Corns in the Old Medical Literature

Corns and calluses have found a place in medical literature since early days of recorded history. The earliest known mention of corns and their remedies can be seen in Papyrus Ebers (c. 1552 BC) which prescribed poultice of various berries cooked in cow-fat in the chapter on the diseases of the limbs.17,18 Hippocrates (460BC – 470BC) stressed on the physical removal of hard skin and invented instruments to scrape corns. Although there is controversy about the authenticity of authorship, it is said that a book on Cosmetics was written by Cleopatra VII Philopater (69BC–30BC), the last active Pharaoh in the Ptolamaic dynasty of ancient Egypt where she has mentioned about corns.1,19 Aulus Cornelius Celsus (25BC-AD10) in the Chapter XXVIII, Book V of his De Medicina prescribed paring of the corn along with application of medicament containing powder of milestone mixed with resin.20 Pliny the Elder (AD 23-79) in the chapter 62 (16) of Book XXVIII entitled: Remedies for gout and for diseases of the feet in his Natural History suggested treatment of corn with beef suet and powdered frankincense.21 Galen (c. AD 130–200) of Pergamum influenced the Western medicine for more than one and half millennia. He prescribed a mixture of crushed beetles, that is, cantharides and arsenic for the eradication of corns.22 The most famous medical authority Paulus Aegineta (AD 615-690) of the medieval era of the Western world in his Book III, Chapter LXXXI advocated management of corns and callosities by paring with scalpel or by rubbing with pumice stone. He also suggested cantharides, copperas, castor in equal parts mixed with turpentine; ashes of unripe lupines mixed with honey, sulfate of iron added to liquid pitch with the urine of boy who is yet to attend puberty, or beans boiled with vinegar. In a commentary of the same book Adams mentioned that Avicenna (A.D. c.980-1037), the most significant physician of the Islamic Golden Era mentioned about corns and opined that when the disease was not cured it may turn malignant. He prescribed Orchis maculata for pain management in corn. Rhazes (AD 854-AD 915), the famous Persian polymath and an important towering personality in the history of medicines prescribed an application composed of red arsenic, quicksilver killed ('killing' of quicksilver was an alchemic procedure used to process mercury), quick lime with ashes of acorns and oil. He also suggested cantharides and arsenic combination for corns. For callus he recommended juice of figs and spurge.23-25

If we turn our eyes from occidental to oriental history of medicine, China’s most intriguing and painful ancient tradition of foot binding that started in 10th century and continued till 1911 can be a perfect example of pressure and friction induced corns and callosities.26

The science of life or Ayurveda is ancient Indian system of medicine originated long before Christian era. Susruta Samhita (mid 1st millennium BC), one of the most important treatises of Ayurveda described the clinical picture of kadara (corns and calluses) in Nidansthanam of Kshudraroga Chapter (13.31) as lesions with central core with knotted and hard core. It may be elevated or depressed at center, painful and may be associated with discharge. The management of the lesions has been described in the Chkitsastahana (12.10) of the same treatise as excision, followed by thermal cautery and application of oil.27 Thus, it is very much perceptible that corns and calluses attracted attention of medical persons of all ancient civilizations and excision,cautery and/or topical application were evolved as the treatment of choice.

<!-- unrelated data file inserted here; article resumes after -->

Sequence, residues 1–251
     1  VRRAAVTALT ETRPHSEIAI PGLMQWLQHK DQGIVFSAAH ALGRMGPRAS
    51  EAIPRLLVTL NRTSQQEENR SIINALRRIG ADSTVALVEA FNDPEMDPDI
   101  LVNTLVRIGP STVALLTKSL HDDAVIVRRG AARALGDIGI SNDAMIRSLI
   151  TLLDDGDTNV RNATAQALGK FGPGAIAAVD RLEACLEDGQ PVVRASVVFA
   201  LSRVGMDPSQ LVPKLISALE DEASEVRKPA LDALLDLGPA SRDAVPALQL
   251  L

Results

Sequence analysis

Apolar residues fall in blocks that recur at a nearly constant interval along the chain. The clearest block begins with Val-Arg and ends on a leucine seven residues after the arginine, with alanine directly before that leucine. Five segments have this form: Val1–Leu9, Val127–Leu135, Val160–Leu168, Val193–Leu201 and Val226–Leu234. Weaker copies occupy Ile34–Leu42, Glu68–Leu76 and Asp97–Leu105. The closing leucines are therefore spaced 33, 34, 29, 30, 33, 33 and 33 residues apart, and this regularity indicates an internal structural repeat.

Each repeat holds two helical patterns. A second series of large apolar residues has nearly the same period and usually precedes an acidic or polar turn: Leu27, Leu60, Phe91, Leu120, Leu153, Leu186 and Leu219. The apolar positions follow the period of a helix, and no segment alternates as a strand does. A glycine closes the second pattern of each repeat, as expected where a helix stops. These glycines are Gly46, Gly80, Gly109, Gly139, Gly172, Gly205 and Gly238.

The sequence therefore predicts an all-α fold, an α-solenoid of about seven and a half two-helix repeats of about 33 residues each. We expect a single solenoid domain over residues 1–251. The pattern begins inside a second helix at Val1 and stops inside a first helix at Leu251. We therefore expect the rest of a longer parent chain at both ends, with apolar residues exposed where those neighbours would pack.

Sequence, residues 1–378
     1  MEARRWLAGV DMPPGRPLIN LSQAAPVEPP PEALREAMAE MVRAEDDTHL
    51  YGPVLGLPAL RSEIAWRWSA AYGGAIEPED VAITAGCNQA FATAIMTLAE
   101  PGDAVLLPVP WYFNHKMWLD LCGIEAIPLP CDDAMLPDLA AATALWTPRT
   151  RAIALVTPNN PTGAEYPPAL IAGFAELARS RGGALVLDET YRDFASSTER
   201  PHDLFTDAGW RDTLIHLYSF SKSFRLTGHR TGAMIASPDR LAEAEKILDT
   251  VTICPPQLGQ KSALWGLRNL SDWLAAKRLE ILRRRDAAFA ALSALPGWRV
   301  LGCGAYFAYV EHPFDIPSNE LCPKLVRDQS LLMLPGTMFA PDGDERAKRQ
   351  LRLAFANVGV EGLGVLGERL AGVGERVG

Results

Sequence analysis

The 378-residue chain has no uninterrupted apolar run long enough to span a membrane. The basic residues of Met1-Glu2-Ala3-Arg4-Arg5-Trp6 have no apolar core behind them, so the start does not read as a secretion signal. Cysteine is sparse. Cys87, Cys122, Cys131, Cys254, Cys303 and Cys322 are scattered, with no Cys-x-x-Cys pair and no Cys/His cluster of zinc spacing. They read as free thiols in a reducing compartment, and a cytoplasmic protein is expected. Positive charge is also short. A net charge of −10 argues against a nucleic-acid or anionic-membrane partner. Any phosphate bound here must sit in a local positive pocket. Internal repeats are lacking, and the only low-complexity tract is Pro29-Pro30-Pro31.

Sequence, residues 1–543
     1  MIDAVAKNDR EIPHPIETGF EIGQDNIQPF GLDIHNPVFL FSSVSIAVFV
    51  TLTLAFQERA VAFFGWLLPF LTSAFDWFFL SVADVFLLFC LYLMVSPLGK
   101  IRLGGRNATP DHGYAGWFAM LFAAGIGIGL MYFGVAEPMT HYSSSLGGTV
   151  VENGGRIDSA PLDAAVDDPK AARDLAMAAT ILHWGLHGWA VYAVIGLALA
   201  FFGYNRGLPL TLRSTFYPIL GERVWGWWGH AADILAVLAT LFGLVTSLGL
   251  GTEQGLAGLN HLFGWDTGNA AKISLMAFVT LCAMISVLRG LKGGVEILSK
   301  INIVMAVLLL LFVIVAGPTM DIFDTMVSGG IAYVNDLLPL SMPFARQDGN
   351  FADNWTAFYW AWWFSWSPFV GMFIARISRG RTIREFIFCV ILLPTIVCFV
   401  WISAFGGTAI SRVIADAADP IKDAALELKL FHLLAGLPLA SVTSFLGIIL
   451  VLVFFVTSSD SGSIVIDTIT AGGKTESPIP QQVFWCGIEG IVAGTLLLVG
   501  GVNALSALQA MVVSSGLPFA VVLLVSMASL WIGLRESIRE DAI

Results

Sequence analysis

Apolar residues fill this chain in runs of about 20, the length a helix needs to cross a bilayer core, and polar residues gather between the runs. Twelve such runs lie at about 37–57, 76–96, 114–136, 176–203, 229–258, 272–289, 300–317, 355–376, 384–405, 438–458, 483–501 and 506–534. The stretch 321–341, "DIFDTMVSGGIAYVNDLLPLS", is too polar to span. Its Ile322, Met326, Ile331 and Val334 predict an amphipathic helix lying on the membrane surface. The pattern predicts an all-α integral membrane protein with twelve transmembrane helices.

Old Literature, Specifically on Corns and Callosities

Till the renaissance of the Western world covering 15th and 16th centuries, corns and callosities were provided only few lines or paragraphs in the general medical and surgical treatises. The literature on foot care, in which management of corns and calluses was the central theme started with the publication of a French work entitled “L’Art de Soignre les Pieds” by Nicholas-Laurent La Forest in 1781 [Figure 1]. This work went unnoticed till 1785 when David Low published his work under a title of “Chiropodologia” [Figure 2]. Later it was found that Low copiously replicated the work of La Forest. However, this initiated the journey of literature on foot care and a new branch called “Chiropody.” A book on corns, bunion and nail disorder by an old army surgeon was published in 1800 and Hyman Lion, in 1802 wrote a book on these conditions but in 1845 it was Lewis Durlacher who first wrote a book on foot care which in true sense was a complete text on the subject. Various other treatises such as those of Ashton (1852), Adolphus (1865) and Freeland (1905) were published subsequently.28-30 Many booklets on specifications and instructions for stepwise application of the cure were available during the later part of the nineteenth century.